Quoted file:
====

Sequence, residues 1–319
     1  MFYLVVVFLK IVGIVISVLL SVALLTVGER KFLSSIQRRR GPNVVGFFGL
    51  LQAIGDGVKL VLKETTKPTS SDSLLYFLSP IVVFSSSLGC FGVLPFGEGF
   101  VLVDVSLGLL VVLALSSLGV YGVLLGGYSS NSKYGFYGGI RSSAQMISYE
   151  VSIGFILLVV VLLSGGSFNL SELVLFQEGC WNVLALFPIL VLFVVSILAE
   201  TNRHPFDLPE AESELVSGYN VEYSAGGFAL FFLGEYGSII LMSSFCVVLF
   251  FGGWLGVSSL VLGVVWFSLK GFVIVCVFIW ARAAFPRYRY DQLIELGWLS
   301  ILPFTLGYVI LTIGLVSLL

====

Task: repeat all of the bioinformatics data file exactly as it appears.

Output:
Sequence, residues 1–319
     1  MFYLVVVFLK IVGIVISVLL SVALLTVGER KFLSSIQRRR GPNVVGFFGL
    51  LQAIGDGVKL VLKETTKPTS SDSLLYFLSP IVVFSSSLGC FGVLPFGEGF
   101  VLVDVSLGLL VVLALSSLGV YGVLLGGYSS NSKYGFYGGI RSSAQMISYE
   151  VSIGFILLVV VLLSGGSFNL SELVLFQEGC WNVLALFPIL VLFVVSILAE
   201  TNRHPFDLPE AESELVSGYN VEYSAGGFAL FFLGEYGSII LMSSFCVVLF
   251  FGGWLGVSSL VLGVVWFSLK GFVIVCVFIW ARAAFPRYRY DQLIELGWLS
   301  ILPFTLGYVI LTIGLVSLL